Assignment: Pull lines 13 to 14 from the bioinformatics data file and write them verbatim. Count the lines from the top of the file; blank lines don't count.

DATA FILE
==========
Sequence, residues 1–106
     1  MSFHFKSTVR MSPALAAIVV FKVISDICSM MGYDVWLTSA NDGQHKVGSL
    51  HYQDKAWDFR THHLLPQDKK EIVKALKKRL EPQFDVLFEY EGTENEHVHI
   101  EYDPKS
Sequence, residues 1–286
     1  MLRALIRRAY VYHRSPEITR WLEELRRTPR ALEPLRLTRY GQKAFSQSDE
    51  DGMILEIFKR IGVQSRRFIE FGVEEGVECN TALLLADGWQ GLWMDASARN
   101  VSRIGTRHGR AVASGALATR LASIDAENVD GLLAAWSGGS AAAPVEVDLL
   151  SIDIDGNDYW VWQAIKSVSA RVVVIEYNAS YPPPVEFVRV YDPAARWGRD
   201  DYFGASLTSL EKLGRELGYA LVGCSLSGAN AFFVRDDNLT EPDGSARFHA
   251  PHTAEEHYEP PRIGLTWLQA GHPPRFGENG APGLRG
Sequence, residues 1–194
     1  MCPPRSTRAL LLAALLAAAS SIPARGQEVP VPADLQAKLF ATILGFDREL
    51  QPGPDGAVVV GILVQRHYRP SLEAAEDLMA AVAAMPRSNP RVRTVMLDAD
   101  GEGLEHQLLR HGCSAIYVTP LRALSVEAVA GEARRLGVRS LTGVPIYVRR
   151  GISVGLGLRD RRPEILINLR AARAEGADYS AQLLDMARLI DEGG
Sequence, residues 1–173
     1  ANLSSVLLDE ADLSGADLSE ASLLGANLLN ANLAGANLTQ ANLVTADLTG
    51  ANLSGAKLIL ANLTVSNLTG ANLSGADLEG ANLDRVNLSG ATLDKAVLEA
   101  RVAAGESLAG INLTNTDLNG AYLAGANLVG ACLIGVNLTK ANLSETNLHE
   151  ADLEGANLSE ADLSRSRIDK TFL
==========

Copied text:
     1  MCPPRSTRAL LLAALLAAAS SIPARGQEVP VPADLQAKLF ATILGFDREL
    51  QPGPDGAVVV GILVQRHYRP SLEAAEDLMA AVAAMPRSNP RVRTVMLDAD